The minit the door opened, the divil runs and hides himself behind a big elbow-chair; and the colonel was frekened almost out of his siven sinses by raison of the sudden death of his poor lady, let alone the jeopardy he was in himself, seein’ how the divil had forestalled him every way; and after ringin’ his bell and callin’ to his sarvants and recoverin’ his daughter out of her faint, he was goin’ away wid her out of the room, whin the divil caught howld of him by the skirt of the coat, and the colonel was obleeged to let his daughter be carried out by the sarvants, and shut the door afther them.

‘Well,’ says the divil, and he grinn’d and wagg’d his tail, all as one as a dog when he’s plaised; ‘what do you say now?’ says he.

‘Oh,’ says the colonel, ‘only lave me alone until I bury my poor wife,’ says he, ‘and I’ll go with you then, you villain,’ says he.

‘Don’t call names,’ says the divil; ‘you had better keep a civil tongue in your head,’ says he; ‘and it doesn’t become a gintleman to forget good manners.’

‘Well, sir, to make a long story short, the divil purtended to let him off, out of kindness, for three days antil his wife was buried; but the raison of it was this, that when the lady his daughter fainted, he loosened the clothes about her throat, and in pulling some of her dhress away, he tuk off a goold chain that was on her neck and put it in his pocket, and the chain had a diamond crass on it (the Lord be praised!) and the divil darn’t touch him while he had the sign of the crass about him.

Well, the poor colonel (God forgive him!) was grieved for the loss of his lady, and she had an illigant berrin–and they say that when the prayers was readin’ over the dead, the owld colonel took it to heart like anything, and the word o’ God kem home to his poor sinful sowl at last.

Well, sir, to make a long story short, the ind of it was, that for the three days o’ grace that was given to him the poor deluded owld sinner did nothin’ at all but read the Bible from mornin’ till night, and bit or sup didn’t pass his lips all the time, he was so intint upon the Holy Book, but he sat up in an owld room in the far ind of the house, and bid no one disturb him an no account, and struv to make his heart bould with the words iv life; and sure it was somethin’ strinthened him at last, though as the time drew nigh that the inimy was to come, he didn’t feel aisy, and no wondher; and, bedad the three days was past and gone in no time, and the story goes that at the dead hour o’ the night, when the poor sinner was readin’ away as fast as he could, my jew’l, his heart jumped up to his mouth at gettin’ a tap on the shoulder.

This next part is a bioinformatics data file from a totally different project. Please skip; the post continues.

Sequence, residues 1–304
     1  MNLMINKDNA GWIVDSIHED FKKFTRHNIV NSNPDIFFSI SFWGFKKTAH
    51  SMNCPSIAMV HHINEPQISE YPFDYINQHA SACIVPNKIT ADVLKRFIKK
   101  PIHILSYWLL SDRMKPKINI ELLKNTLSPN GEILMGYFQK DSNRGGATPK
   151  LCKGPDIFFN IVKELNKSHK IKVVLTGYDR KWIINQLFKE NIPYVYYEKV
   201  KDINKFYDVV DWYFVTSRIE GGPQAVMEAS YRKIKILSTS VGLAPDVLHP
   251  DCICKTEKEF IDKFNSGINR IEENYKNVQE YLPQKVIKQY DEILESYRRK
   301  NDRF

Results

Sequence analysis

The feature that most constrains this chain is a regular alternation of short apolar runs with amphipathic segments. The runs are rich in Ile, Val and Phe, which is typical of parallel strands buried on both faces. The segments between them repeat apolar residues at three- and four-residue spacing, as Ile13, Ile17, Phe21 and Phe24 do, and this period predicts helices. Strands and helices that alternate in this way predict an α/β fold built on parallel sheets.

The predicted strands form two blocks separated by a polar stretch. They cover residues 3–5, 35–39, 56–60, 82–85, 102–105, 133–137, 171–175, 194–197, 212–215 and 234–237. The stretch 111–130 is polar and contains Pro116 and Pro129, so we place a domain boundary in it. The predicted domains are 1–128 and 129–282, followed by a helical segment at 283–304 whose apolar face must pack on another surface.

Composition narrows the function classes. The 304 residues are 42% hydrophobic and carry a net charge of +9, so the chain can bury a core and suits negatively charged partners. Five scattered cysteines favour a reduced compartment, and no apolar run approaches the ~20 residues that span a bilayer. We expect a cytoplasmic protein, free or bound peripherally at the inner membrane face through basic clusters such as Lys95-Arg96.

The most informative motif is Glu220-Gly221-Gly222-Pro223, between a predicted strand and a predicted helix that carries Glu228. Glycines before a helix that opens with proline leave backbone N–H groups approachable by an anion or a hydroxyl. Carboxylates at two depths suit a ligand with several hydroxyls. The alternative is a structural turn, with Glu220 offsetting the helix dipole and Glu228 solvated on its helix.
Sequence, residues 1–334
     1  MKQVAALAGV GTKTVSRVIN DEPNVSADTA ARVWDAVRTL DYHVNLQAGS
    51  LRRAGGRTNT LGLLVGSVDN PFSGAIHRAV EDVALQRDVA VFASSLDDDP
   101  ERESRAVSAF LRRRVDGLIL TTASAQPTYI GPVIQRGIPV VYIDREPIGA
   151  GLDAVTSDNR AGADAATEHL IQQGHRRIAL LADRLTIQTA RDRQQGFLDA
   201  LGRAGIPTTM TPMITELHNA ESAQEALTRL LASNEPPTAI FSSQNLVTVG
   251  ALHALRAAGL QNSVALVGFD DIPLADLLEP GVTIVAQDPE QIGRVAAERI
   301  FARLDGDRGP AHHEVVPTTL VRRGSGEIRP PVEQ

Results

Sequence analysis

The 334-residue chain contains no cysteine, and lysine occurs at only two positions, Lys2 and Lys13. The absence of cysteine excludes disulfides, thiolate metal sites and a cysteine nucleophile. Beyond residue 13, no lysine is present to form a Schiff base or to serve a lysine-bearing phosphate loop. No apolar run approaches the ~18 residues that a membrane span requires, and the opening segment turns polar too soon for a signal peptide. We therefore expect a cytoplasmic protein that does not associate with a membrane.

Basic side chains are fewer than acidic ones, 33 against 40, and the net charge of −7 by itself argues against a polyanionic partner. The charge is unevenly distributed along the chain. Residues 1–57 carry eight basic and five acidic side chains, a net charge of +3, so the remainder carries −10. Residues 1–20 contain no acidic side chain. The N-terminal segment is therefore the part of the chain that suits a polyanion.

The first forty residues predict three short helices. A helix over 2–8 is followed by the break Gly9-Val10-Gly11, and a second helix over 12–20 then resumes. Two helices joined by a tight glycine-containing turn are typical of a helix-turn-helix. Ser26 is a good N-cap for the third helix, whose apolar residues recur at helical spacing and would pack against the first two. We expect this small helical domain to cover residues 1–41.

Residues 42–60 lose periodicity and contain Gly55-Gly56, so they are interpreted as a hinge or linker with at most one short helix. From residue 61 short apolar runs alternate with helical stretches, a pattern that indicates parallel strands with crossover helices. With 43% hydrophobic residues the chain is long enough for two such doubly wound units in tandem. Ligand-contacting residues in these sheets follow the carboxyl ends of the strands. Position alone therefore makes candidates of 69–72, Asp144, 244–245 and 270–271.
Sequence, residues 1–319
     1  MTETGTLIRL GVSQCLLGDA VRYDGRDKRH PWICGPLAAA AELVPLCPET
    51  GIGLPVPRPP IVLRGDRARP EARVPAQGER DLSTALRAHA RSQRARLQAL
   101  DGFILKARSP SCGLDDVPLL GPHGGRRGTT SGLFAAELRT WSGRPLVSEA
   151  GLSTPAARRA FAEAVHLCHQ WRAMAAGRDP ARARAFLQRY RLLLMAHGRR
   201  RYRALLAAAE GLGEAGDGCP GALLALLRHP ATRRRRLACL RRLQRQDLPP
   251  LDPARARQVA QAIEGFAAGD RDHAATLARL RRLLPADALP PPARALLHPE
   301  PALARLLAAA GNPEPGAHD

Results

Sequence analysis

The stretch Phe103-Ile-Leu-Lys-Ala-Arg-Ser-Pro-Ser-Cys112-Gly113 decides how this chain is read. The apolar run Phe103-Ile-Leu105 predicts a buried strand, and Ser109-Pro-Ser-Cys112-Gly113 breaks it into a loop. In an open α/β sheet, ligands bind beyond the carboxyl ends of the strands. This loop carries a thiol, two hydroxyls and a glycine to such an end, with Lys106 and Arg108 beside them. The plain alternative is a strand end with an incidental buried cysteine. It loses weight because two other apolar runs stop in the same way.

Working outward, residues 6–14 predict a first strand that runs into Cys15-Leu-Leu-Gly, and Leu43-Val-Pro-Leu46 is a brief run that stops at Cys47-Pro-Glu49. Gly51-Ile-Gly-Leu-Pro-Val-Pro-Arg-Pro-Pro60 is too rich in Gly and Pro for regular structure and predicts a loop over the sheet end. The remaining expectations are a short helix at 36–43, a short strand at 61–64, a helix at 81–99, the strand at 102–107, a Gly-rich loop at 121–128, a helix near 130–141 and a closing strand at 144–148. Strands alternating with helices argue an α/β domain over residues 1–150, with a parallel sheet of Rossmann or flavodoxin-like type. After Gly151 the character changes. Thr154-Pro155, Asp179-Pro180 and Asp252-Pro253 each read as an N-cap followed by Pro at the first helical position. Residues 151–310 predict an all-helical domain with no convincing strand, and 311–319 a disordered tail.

‘Oh, murther!’ says he, ‘who’s there?’ for he was afeard to look up.

‘It’s me,’ says the owld one, and he stood right forninst him, and his eyes like coals o’ fire, lookin’ him through, and he said, with a voice that almost split his owld heart, ‘Come!’ says he.

‘Another day!’ cried out the poor colonel.

‘Not another hour,’ says Sat’n.

‘Half an hour!’

‘Not a quarther,’ says the divil, grinnin’ with a bitther laugh; ‘give over your reading I bid you,’ says he, ‘and come away wid me.’

‘Only gi’ me a few minits,’ says he.

‘Lave aff your palaverin’ you snakin’ owld sinner,’ says Sat’n; ‘you know you’re bought and sould to me, and a purty bargain I have o’ you, you owld baste,’ says he; ‘so come along at wanst,’ and he put out his claw to ketch him; but the colonel tuk a fast hould o’ the Bible, and begged hard that he’d let him alone, and wouldn’t harm him antil the bit o’ candle that was just blinkin’ in the socket before him was burned out.

‘Well, have it so, you dirty coward,’ says Owld Nick, and with that he spit an him.

But the poor owld colonel didn’t lose a minit (for he was cunnin’ to the ind), but snatched the little taste o’ candle that was forninst him out o’ the candlestick, and puttin’ it an the Holy Book before him, he shut down the cover of it and quinched the light. With that the divil gave a roar like a bull, and vanished in a flash o’ fire, and the poor colonel fainted away in his chair; but the sarvants heerd the noise (for the divil tore aff the roof o’ the house when he left it), and run into the room, and brought their master to himself agin. And from that day he was an althered man, and used to have the Bible read to him every day, for he couldn’t read himself any more, by raison of losin’ his eyesight when the divil hit him with the rope of sand in the face, and afther spit an him–for the sand wint into one eye, and he lost the other that-a-way, savin’ your presence.